Everyone else is in the same boat and it’s just how you react to things, if you can try your best to be positive and just keep on going, because that’s really all you can do. A lot of times you don’t have too much control over life, the best way is to roll with it. That’s a lot of what I’ve been thinking about at the moment. 

Maybe I will be in this job for fifteen or twenty years, or if I leave this job I’ll be in another job for fifteen or twenty years, thirty years or fifty. While it’s crushing to think that I’ll never be a rock star playing stadiums around the world, at least I have a job, somewhere to be and something to do, that’s all I can do.

I work another job as well as doing all the Gimmie stuff as well. My job pays my bills and then doing Gimmie we never have to compromise, we can keep it advertisement free and do whatever we want with it. It’s a wonderful thing not having to compromise on your art.

JC: For sure. With the band we’re paying for pretty much everything and we’re in control of everything, it’s our outlet. That’s the way that we can express those feelings, through the band. It makes it worthwhile in the end. Working 40 hours a week doing something you don’t really want to do, but the rest of your time you do get to spend doing what you want to do and you can afford to do it and it’s comfortable. It’s great. 

We’re premiering the song and clip for ‘Double Slants’! I love the first line of the song especially: He’s got the keys to the universe / and they’re hanging from his belt loop. It’s such strong imagery.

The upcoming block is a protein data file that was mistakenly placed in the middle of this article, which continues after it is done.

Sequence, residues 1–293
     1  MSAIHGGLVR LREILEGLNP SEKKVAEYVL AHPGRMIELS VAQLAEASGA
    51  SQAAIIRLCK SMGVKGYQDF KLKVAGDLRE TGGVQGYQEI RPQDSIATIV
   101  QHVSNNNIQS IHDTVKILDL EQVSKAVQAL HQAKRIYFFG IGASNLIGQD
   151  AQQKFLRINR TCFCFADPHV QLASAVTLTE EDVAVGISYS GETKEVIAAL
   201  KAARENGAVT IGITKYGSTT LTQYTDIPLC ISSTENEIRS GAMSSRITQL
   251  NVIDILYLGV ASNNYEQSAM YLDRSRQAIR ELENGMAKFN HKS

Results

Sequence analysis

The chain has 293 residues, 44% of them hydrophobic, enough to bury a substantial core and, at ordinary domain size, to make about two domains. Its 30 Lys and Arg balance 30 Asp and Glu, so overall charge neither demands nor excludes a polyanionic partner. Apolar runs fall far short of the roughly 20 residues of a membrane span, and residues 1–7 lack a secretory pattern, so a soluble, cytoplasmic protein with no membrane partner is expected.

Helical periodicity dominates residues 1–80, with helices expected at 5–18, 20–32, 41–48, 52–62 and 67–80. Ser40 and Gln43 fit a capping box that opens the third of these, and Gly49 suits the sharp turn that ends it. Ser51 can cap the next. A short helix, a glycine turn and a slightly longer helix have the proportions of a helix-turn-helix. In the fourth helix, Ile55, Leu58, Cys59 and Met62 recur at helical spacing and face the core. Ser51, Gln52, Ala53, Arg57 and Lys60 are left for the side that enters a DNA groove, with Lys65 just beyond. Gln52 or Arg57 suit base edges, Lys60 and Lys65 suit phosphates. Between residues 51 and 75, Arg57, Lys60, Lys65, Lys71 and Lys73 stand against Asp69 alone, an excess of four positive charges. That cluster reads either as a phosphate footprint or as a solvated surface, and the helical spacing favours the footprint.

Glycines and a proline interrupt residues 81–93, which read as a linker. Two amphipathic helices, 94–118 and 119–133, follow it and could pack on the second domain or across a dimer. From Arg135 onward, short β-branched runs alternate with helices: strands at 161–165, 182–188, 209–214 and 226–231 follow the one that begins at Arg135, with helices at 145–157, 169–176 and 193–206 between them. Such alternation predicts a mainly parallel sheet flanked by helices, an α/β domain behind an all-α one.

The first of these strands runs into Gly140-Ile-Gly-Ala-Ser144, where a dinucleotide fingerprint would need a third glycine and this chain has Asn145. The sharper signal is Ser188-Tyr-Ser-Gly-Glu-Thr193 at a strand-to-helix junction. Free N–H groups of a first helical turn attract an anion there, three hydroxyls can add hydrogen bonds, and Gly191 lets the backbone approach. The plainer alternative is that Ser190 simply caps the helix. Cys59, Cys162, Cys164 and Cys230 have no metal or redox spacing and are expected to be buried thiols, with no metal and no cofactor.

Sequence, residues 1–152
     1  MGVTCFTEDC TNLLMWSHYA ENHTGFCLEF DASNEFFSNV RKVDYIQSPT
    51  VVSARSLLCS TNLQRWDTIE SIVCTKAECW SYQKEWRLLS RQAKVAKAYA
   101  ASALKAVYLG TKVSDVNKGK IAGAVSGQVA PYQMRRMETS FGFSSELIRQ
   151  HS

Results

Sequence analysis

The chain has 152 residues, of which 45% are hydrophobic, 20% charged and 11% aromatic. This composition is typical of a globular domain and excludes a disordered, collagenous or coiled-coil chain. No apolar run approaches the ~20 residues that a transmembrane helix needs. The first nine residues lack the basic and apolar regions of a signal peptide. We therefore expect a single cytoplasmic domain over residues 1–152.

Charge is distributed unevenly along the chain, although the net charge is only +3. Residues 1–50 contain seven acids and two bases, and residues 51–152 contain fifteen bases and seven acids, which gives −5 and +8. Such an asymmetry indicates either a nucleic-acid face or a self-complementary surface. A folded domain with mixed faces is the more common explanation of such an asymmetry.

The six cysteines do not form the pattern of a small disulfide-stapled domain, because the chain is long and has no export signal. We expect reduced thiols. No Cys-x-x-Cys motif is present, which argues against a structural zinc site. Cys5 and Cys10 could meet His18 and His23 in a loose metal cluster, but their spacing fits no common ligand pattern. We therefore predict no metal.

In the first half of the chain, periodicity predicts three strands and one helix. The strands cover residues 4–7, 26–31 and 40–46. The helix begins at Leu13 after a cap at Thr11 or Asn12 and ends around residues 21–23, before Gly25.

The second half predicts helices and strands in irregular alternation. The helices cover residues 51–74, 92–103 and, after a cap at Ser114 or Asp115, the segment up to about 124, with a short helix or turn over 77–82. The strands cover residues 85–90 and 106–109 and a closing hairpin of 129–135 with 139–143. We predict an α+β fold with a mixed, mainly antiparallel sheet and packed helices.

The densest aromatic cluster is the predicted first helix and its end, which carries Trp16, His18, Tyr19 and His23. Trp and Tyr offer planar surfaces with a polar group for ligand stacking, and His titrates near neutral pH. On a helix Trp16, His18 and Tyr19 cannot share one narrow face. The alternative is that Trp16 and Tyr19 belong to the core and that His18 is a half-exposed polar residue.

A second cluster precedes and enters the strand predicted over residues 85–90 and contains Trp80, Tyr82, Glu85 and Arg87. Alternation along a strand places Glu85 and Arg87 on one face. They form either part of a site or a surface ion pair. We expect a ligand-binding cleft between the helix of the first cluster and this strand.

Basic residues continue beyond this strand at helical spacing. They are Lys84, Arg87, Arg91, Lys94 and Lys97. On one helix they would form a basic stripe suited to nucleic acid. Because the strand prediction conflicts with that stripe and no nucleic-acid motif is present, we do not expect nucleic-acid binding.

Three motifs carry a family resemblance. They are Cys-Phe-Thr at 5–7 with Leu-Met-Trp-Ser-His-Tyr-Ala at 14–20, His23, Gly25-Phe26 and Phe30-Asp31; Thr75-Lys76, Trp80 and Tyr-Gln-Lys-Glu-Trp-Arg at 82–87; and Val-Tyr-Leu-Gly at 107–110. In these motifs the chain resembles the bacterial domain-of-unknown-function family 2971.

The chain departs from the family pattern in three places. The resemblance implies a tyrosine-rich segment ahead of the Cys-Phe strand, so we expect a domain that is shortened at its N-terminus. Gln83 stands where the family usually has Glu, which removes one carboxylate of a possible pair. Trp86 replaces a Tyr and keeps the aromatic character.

JC: I thought it was a really good fusing of reality and fantasy. “The keys to the universe” is the funniest thing to say at the start of a song! If you take those abstract thoughts and ground them in reality somehow it makes it hit a bit more. 

The whole song isn’t about anyone in particular, it’s an adversarial song. It’s nice to be able to poke fun at someone that everyone can relate to, everyone’s got that sort of person in their life. That’s all I can really give you; it just happens.

As Vintage Crop songs are often about everyday kinds of things, having that fantasy element in there was another unexpected surprise. Being surprised by music and art is one of my favourite things.

JC: That’s true. The belt loop part was a play on… that seems to be the trend, that for some reason people hang their keys on their belt loop, which is a little dig; to me, I just don’t get it. 

Being sardonic in lyrics is also another Vintage Crop signature. 

JC: Yeah! [laughs]. 

We love the clip for ‘Double Slants’! In it you get kidnapped; what do you remember from shooting it?

JC: We filmed most of it on the road out the front of the house I grew up in – which was totally coincidental! We just needed somewhere with a quiet road and no house, it just happened to fit the bill. It was actually a pretty painful day for me in the end; I was manhandled, thrown around and rolled down a few hills. But Leland [Buckle] did such a great job with it that it was worth it! 

We’d previously worked with him on the clip for ‘The North’, so we were naturally pretty keen to work with him again. We really like a lot of his reference points for filming and editing, he’s got great taste and a bit of an unusual eye which is something that you just can’t put a price on. We spoke briefly about a rough concept for the video and then by the end of the day he had taken the ball and run with it. We trust him with the vision and pretty much everything you see in the video is straight from his brain.

What’s your favourite moment from the clip?

My favourite moment of the clip is probably the woman in the front seat of the car smiling back at the camera in the front seat. A brilliant piece of irony and it just makes me laugh every time. 

Vintage Crop’s new album, “KIBITZER” is out June 24th through Anti Fade Records (AUS) – pre-order HERE – and Upset! The Rhythm (UK).